Infrastructure in a law department is tangible and doesn’t move

In the context of law department management, let’s try a definition by examples of “infrastructure.” Unlike people, who come and go during the day, for long periods of time a law department’s infrastructure stays in place. Hence, file rooms and conference rooms, being immobile unless there is a build-out or construction, are infrastructure. Offices and cubicles usually do not alter without human intervention nor do the buildings in which those facilities exist. Thus, infrastructure has fixedness.

Infrastructure also has concreteness, which means that the processes of a law department are not part of infrastructure. For the same reason of corporeality, the culture and norms of a law department – its organizational behavior – are not infrastructure. The valences around a law department, such as client satisfaction and employee morale, are not infrastructure. By my definition, if you can’t touch it, it’s not infrastructure. Similarly, someone can depreciate infrastructure, so it encompasses desks, chairs and sidebars.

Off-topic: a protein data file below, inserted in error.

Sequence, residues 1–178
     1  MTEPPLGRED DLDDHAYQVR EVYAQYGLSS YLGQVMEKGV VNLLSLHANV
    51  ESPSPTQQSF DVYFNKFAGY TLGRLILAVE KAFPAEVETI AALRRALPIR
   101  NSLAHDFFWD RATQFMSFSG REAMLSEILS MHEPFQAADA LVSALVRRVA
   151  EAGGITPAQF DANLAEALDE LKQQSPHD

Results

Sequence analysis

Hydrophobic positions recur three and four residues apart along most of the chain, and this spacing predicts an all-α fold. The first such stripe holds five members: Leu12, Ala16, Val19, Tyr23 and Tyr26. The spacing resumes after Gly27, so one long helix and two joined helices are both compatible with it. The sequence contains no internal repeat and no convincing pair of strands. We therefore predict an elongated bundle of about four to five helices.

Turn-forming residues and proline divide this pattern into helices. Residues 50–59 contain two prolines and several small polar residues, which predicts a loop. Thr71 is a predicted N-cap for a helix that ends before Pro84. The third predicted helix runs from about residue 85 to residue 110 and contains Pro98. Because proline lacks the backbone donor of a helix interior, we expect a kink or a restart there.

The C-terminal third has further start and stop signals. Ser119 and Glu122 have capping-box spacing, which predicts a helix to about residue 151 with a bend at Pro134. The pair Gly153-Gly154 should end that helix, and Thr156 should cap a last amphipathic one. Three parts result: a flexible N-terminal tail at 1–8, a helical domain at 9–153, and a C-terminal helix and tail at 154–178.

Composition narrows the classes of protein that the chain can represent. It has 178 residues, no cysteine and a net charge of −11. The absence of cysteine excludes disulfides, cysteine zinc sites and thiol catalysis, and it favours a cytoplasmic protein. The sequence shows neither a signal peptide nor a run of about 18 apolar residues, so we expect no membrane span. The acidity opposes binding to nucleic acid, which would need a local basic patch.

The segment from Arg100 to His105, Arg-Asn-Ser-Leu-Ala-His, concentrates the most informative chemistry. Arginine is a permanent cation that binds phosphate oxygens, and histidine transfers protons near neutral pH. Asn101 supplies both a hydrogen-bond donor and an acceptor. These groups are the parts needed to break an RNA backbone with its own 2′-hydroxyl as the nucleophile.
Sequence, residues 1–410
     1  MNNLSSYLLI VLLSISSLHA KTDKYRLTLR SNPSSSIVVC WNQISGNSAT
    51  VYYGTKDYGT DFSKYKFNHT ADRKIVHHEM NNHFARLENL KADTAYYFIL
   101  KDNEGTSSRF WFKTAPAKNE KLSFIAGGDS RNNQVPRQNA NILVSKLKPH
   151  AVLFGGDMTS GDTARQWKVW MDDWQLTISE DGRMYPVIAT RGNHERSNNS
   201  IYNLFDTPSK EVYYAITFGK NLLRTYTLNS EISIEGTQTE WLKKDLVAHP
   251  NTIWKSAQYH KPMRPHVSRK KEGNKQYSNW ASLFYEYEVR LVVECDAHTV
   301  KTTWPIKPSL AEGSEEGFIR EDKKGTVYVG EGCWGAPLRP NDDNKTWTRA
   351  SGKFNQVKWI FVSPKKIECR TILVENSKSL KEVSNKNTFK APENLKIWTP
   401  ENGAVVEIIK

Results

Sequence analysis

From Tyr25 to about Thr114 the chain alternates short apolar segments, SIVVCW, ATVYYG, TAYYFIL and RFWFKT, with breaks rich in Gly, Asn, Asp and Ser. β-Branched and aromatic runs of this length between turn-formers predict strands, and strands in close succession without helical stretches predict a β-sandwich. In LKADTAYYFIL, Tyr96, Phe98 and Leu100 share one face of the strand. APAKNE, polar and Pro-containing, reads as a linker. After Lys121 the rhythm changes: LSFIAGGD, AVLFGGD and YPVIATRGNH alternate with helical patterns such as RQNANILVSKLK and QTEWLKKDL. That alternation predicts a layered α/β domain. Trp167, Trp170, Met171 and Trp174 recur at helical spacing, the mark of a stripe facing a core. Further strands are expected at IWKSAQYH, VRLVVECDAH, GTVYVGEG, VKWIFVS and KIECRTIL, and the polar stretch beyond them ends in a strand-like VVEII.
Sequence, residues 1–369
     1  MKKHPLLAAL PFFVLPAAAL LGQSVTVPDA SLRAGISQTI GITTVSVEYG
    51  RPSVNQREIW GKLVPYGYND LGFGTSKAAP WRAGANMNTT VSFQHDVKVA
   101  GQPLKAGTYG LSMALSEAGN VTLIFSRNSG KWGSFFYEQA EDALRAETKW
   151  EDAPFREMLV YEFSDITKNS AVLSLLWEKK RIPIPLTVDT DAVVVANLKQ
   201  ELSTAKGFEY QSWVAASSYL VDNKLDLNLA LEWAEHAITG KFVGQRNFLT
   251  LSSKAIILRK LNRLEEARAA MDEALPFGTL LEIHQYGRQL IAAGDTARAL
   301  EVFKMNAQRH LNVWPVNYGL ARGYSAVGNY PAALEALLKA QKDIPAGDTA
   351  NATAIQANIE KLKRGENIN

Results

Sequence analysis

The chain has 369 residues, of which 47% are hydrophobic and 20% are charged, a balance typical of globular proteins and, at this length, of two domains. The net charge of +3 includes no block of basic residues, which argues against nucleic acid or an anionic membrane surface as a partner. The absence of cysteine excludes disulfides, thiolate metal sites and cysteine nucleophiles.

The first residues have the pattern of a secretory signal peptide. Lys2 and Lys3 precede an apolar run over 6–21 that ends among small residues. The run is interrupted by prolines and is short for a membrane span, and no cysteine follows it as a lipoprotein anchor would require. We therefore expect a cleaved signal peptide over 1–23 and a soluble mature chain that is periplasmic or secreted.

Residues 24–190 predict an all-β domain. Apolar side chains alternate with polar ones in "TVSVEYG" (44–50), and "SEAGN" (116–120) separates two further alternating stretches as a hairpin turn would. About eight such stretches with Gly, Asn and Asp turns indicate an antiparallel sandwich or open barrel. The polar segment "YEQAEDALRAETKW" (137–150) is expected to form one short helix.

Also excluded from infrastructure are outside lawyers. They are tangible, but quite malleable. For the same reason, the reporting structure of a law department as well as the geographic elements – office locations – are not infrastructure. What then about software? I say it is not infrastructure, but servers and computers and cabling are.

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